Sparks have about 60 days to finish learning the five million notes necessary to reproduce live their entire 38-year discography—20 old albums, select b-sides, one new album, and a special song for anyone willing to buy tickets for the entire month-long event in London—but brothers Russell and Ron Mael remain relaxed and ready in Russell’s home studio, where a portrait of Elvis watches over rehearsals so intense that Russell can’t stop singing his songs even in his dreams. Brand-new album Exotic Creatures Of The Deep will debut live this summer in London after prior nights each dedicated to an existing Sparks album—a marathon physically and psychologically and an occasion to revisit a band almost totally untangled from the industry music mess just miles away from Russell’s Los Angeles home…
Arthur: Ron said that you’ll be playing 4,825,623 notes during the complete 21-show run. That works out to about 230,000 notes per album and maybe 34 notes per second. Does that seem accurate? Russell: On some of the early albums it’s probably true—the Island albums are probably 64 notes per second. Those were really hyper.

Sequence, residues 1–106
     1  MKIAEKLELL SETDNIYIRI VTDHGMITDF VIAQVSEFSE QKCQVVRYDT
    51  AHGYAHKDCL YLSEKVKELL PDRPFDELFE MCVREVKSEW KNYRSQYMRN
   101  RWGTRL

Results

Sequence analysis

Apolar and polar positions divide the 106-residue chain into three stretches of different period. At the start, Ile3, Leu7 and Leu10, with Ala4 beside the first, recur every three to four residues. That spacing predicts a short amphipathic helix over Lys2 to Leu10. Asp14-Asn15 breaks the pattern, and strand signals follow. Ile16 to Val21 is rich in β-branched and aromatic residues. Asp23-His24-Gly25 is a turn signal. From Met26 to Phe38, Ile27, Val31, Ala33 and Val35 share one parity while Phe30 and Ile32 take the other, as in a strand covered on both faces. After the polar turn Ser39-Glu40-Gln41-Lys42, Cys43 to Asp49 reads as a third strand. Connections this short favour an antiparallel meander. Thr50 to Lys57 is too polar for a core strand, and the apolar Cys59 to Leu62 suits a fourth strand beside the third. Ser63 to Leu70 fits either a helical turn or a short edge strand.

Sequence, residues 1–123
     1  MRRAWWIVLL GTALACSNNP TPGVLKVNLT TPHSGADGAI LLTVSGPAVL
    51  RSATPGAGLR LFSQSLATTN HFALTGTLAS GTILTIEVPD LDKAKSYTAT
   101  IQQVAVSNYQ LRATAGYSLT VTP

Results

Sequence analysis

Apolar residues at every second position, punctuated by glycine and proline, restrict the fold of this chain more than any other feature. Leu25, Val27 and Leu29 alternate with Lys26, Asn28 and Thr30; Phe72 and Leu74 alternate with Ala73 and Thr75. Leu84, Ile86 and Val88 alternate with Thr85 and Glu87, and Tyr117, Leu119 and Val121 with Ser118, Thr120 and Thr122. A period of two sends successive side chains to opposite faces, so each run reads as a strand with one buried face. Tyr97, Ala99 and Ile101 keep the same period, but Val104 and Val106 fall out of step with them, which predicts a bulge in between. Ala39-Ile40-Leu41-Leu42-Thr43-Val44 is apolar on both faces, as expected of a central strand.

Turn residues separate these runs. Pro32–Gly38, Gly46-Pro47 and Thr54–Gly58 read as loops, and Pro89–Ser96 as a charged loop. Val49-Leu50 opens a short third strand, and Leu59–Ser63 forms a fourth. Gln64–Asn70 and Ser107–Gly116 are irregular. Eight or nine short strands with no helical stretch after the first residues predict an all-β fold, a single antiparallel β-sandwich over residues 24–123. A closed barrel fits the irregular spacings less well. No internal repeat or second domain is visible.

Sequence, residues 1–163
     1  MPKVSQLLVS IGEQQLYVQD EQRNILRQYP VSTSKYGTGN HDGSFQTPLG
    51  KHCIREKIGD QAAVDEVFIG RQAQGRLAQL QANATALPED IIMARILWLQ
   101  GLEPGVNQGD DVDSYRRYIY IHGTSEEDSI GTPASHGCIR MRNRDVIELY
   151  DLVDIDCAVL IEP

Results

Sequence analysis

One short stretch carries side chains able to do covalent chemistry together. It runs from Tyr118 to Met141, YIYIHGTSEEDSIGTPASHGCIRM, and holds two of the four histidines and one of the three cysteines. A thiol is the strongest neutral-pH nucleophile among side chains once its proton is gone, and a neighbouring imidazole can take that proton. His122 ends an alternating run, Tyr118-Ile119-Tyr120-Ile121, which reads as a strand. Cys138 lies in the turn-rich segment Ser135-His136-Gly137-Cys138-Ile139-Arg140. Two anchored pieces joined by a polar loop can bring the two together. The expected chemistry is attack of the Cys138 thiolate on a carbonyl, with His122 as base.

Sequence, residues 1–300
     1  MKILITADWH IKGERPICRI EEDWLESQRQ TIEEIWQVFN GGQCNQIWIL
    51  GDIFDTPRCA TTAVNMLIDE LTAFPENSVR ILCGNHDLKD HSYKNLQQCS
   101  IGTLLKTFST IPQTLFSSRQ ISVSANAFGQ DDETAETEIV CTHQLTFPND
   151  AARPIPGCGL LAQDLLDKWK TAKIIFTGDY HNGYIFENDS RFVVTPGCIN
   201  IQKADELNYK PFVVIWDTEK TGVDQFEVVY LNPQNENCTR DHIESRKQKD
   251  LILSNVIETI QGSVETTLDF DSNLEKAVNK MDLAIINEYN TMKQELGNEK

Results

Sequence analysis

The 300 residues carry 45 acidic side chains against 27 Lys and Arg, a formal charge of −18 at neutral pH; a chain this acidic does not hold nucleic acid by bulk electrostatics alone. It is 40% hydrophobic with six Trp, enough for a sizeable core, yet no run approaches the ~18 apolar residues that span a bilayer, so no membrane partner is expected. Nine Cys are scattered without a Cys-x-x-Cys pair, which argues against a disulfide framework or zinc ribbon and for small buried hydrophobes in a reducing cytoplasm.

Did doing that kind of statistical analysis on your lifetime of work reveal any greater truths? Ron: It’s actually a leveling. A lot of the ones we had maybe less love for are kind of good in retrospect. It would have been sad to go back and realize they weren’t very good. Russell: Fortunately that wasn’t the case. Ron: But we are prejudiced. Russell: We’re actually better than we thought.
So you’re not nervous. Ron: We’re still nervous. It’s awesome.